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New aspects on patients affected by dysferlin deficient muscular dystrophy
  1. Lars Klinge (lars.klinge{at}med.uni-goettingen.de)
  1. University Medical Centre Göttingen, Germany
    1. Ahmed Aboumousa
    1. University of Newcastle, Institute of Human Genetics, United Kingdom
      1. Michelle Eagle
      1. University of Newcastle, Institute of Human Genetics, United Kingdom
        1. Judith Hudson
        1. University of Newcastle, Institute of Human Genetics, United Kingdom
          1. Anna Sarkozy
          1. University of Newcastle, Institute of Human Genetics, United Kingdom
            1. Gianluca Vita
            1. University of Newcastle, Institute of Human Genetics, United Kingdom
              1. Richard Charlton
              1. University of Newcastle, Institute of Human Genetics, United Kingdom
                1. Mark Roberts
                1. Greater Manchester Neurosciences Centre, United Kingdom
                  1. Volker Straub
                  1. University of Newcastle, Institute of Human Genetics, United Kingdom
                    1. Rita Barresi
                    1. University of Newcastle, Institute of Human Genetics, United Kingdom
                      1. Hanns Lochmüller
                      1. University of Newcastle, Institute of Human Genetics, United Kingdom
                        1. Kate Bushby (kate.bushby{at}ncl.ac.uk)
                        1. University of Newcastle, Institute of Human Genetics, United Kingdom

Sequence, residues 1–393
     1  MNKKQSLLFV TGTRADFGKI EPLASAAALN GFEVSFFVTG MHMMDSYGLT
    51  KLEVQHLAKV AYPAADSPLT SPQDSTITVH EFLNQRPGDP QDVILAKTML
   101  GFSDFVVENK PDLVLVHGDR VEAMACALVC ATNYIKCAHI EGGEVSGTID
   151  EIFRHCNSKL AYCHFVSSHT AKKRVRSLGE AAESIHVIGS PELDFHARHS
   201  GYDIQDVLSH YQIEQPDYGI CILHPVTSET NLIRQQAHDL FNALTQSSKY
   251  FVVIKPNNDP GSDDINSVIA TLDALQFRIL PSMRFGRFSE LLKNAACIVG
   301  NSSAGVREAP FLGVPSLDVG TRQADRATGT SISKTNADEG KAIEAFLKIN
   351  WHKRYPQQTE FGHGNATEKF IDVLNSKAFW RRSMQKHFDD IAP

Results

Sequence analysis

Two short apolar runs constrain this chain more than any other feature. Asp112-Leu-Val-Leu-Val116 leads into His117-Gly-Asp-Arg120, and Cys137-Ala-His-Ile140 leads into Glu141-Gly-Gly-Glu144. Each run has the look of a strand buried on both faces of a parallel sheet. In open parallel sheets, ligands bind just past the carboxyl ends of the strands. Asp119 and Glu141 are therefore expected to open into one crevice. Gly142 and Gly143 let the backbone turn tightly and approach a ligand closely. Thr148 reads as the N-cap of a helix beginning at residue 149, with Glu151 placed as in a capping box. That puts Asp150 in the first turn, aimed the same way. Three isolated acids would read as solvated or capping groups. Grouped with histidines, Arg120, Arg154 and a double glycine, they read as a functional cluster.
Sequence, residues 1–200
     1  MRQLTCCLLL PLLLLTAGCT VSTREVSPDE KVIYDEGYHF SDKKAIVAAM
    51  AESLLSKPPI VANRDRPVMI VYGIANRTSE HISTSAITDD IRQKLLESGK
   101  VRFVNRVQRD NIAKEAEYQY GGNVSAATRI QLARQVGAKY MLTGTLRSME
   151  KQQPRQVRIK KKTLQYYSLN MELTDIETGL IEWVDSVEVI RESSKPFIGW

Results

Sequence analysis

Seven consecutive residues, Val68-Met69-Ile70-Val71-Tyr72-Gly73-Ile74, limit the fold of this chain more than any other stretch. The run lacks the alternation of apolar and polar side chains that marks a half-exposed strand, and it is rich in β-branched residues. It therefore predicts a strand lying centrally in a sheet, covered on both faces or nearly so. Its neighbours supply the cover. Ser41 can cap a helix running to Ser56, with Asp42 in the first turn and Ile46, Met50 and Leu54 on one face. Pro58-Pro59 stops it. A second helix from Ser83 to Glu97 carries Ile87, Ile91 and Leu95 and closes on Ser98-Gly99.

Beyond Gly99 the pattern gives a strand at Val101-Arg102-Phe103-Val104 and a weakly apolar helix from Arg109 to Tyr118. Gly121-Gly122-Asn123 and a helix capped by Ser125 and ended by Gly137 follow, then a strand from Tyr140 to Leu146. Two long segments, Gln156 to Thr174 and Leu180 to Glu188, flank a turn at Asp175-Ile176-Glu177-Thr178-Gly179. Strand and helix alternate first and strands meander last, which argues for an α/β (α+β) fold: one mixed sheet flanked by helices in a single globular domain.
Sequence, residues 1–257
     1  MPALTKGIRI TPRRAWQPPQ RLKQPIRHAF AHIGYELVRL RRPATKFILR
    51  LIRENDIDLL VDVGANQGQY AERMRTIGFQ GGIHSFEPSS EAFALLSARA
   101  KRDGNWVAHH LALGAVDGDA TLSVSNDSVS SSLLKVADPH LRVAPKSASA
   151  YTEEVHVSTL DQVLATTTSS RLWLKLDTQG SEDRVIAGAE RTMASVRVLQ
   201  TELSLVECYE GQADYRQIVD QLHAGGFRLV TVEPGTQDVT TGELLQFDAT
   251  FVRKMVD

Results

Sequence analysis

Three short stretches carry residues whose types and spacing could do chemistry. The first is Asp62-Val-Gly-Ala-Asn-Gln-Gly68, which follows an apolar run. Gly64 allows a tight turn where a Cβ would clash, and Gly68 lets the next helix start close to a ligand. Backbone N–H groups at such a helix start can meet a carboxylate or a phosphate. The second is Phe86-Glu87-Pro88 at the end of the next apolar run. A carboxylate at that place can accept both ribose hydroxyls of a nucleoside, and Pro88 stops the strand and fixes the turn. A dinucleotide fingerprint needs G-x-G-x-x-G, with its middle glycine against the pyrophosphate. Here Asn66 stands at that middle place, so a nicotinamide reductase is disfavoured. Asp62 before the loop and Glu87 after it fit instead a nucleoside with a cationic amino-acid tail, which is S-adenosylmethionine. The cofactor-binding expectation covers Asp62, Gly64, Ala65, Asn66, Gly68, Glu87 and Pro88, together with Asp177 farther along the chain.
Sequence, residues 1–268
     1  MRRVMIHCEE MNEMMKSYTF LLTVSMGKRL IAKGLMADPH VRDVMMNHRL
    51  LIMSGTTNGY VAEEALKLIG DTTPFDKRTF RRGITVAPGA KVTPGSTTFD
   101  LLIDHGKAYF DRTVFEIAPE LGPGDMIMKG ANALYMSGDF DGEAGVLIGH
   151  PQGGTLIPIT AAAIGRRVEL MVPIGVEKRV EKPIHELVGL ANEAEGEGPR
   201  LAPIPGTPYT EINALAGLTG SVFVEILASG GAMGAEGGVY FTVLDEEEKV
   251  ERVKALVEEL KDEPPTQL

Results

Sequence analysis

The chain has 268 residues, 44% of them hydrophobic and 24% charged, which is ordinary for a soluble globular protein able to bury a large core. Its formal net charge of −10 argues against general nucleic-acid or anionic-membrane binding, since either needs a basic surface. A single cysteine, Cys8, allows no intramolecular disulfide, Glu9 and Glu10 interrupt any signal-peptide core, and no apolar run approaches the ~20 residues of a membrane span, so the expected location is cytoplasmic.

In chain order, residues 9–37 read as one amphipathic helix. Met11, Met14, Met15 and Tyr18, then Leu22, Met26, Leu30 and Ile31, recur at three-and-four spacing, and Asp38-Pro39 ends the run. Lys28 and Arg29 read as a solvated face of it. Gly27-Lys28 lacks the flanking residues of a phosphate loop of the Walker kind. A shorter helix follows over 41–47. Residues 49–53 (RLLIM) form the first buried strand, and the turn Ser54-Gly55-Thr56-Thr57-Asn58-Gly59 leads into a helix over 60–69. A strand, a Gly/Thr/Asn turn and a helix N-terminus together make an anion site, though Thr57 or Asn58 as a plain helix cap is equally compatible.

Abstract

                          Mutations in the dysferlin gene lead to limb-girdle muscular dystrophy 2B, Miyoshi Myopathy and distal anterior compartment myopathy. We here describe a cohort of 36 patients affected by dysferlinopathy in the first UK study of clinical, genetic, pathological, and biochemical data. The diagnosis was established by reduction of dysferlin in the muscle biopsy and subsequent mutational analysis of the dysferlin gene. 17 mutations were novel; the majority of mutations were small deletions/insertions, and no mutational hotspots were identified. 61% of patients (22 patients) initially presented with LGMD2B, 31% (11 patients) with a Miyoshi phenotype, one patient with proximodistal mode of onset, one patient with muscle stiffness after exercise, and one patient as a symptomatic carrier. A wider range of age of onset was noted than previously reported with 25% of patients having first symptoms before the age of 13 years. Independent of the initial mode of presentation, in our cohort of patients the gastrocnemius muscle was the most severely affected muscle leading to an inability to stand on tiptoes, and lower limbs were affected more severely than upper limbs.

                          As previous anecdotal evidence on patients affected by dysferlinopathy suggests good muscle prowess before onset of symptoms, we also investigated pre-symptomatic fitness levels of the patients. 53% of the patients were very active and sporty before onset of symptoms which makes the clinical course of dysferlinopathy unusual within the different forms of muscular dystrophy and provides a challenge to understanding the underlying pathomechanisms in this disease.

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